Best World Religion Books for Kids
The very excellent and funny blogger Craftwhack (where irony meets creativity and explodes) asked me to come up with a list of religious and/or spiritual books for kids. It’s funny because I have had this list as a “draft” for over a year. I’m not sure if I am exactly qualified to post on best world religion books for kids because I rarely grace the inside of a church these days and my background in religious studies is spotty to say the least.
My mom is Buddhist and taught at a Buddhist Sunday school before she got married. She’s Japanese and was forced to relocate during WWII since she was so obviously a threat to U. S. security. She and her family landed in a remote part of Utah; we think near where there was underground testing for nuclear weapons. Her neighbors were friendly and spent a lot of time debating the merits of the Mormon religion to her versus Buddhism in an attempt to convert her.
My father, as an immigrant from mainland China, was not religious. Still he wasn’t opposed to us kids being exposed to religion. We went, volunteer basis only, to the local Presbyterian church down the street. My parents were happy to drop me off and pick me up but I always thought it was weird that they weren’t in church when I was at Sunday school. To be honest, I was only there for the comic books. One comic book a week would be handed as a take home keepsake for each class attended. It was on the Bible, of course, but I loved the old Testament stories. The power of graphic novels!
There were always Buddhist services that my family attended for weddings and funerals. And, as Buddhism dictates, there are anniversaries of one’s dead relatives that are additional services held each year and we always went to those. It wasn’t until years later that I realized that there were also services held in English! Not only was it boring to sit though an entire service in Japanese but we never got the jokes. We’d have to elbow my mom and ask, “What did he say?” There were a few messages that I remember from Buddhist services and they always seemed to revolved around the lotus flower which, from climbing from the bottom of the muddy pond to bloom, was a message that was both poetic and inspiring.
In 2nd grade, I made a new best friend Wendy, who was Mormon. I learned to cross my arms and bow in her religious classes that I religiously attended. I’m not sure why I went but it was enjoyable enough. They didn’t require me to memorize the chapters of the Bible which is what my old Sunday school seemed fixated on.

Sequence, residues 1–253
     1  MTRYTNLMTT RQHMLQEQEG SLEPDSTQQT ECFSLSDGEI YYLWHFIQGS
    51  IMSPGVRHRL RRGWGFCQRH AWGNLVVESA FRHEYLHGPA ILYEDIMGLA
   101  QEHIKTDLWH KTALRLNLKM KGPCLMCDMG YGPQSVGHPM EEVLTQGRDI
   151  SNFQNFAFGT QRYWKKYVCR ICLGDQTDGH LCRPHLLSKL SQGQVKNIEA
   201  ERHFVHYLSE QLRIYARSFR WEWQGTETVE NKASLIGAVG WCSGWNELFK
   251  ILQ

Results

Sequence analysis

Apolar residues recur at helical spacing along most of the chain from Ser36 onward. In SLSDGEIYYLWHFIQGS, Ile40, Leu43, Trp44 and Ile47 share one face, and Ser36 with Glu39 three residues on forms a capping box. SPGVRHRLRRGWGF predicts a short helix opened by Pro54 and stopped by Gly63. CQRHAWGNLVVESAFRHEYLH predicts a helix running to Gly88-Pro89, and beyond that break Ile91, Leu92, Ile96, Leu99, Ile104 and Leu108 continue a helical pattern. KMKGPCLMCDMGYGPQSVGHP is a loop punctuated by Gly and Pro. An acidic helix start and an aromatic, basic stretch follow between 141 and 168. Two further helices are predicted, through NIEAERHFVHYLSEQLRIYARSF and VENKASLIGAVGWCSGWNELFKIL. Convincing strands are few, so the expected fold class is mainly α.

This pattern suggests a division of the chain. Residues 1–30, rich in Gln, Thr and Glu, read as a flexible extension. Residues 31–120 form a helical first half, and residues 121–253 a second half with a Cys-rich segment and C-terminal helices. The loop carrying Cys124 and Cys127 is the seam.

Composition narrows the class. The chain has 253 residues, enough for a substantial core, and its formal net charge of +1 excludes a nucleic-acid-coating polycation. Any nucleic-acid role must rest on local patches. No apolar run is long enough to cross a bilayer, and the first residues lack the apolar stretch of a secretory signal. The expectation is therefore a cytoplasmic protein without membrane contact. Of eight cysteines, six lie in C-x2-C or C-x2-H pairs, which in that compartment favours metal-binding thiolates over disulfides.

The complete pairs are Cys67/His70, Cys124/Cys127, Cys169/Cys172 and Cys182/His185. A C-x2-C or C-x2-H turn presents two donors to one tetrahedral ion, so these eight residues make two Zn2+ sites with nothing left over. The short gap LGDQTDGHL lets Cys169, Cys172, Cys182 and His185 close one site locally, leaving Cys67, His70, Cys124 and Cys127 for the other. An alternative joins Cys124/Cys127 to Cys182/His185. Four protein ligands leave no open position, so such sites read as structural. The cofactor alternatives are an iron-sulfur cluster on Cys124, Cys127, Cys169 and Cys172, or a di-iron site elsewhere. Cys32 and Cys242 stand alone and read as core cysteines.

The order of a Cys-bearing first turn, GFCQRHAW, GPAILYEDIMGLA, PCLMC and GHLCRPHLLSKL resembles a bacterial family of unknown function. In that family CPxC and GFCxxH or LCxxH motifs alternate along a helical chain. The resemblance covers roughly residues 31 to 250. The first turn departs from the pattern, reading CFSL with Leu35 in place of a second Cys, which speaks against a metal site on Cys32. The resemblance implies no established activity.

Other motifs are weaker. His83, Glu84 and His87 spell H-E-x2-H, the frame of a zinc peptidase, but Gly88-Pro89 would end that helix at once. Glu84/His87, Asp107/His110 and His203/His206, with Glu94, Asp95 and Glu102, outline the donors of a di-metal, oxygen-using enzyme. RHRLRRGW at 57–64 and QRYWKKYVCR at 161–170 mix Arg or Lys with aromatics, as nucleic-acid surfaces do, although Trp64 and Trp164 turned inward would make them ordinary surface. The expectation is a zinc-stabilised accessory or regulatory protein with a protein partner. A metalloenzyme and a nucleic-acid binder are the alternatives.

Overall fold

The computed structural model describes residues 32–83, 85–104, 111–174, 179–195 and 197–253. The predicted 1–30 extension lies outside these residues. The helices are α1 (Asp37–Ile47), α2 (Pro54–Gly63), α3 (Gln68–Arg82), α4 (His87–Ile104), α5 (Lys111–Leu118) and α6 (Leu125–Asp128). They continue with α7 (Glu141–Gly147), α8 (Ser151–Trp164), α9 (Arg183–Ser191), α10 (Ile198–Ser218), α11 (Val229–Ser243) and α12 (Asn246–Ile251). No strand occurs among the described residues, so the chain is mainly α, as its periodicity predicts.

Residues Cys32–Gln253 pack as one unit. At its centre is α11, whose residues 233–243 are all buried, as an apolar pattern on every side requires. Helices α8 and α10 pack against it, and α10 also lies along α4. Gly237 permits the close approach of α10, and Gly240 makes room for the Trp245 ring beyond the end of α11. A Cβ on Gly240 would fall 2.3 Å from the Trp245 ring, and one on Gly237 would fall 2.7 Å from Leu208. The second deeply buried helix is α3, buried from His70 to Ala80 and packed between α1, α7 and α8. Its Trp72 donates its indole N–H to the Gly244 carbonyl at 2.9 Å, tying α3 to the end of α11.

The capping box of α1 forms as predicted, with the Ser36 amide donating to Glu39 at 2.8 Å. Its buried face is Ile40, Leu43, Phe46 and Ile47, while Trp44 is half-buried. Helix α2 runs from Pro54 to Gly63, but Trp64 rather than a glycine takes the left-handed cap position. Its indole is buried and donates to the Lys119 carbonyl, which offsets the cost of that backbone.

By high school, my close friend Natalie took me to a few Catholic masses. Catholicism continues to baffle me. And I always felt outed and isolated by not being able to receive the cracker. Not to mention that everyone had to step over me to get in and out of their seats. The rituals of Catholics must be comforting but as an outsider it was like being in a foreign country.
My mother-in-law is Baptist. It’s the Korean Baptist version and she’s heavily involved in the church. I had gone to Baptist church camp with my best friend from Junior High and it was a kumbayah type of camp talking constantly about your feelings and love for Jesus. I wasn’t against it, and I appreciated being included in the wafer ceremony but I didn’t have the same connection to Jesus that they did. My mother-in-law church seems focused on Jesus, or at least they don’t seem to talk about it as much outside of church, and more about a Korean experience where Korean expats have reason to see each other weekly to eat together.
My husband worships at the church of golf and I can understand that. It’s a religious experience for him to commune on the golf course, and definitely more so on some courses than others. Water views seem to have the closest connection to god for him, as do well designed holes by Robert Trent Jones.
And so my kids are bereft of the religious “mixed-plate” that is my background. There was a brief — very brief — window where my oldest, Music Lovers, wanted to go church, but that window closed as her friends shared with her their dislike of attending religious classes. We visited a number of churches in our neighborhood, finally finding one that was “just right.” We have yet to attend though.
I do think that the Bible is as important as reading classics or Shakespeare and so, my only real effort in religious studies, has been to find children’s books on religion including the Bible and read them to my kids, usually under protest. Still, my oldest likes the Book of Ruth too!
What books are you using to teach your kids about spirituality? Please share!
Top 10 World Religion Books for Kids
10. Zen Shorts by Jon J. Muth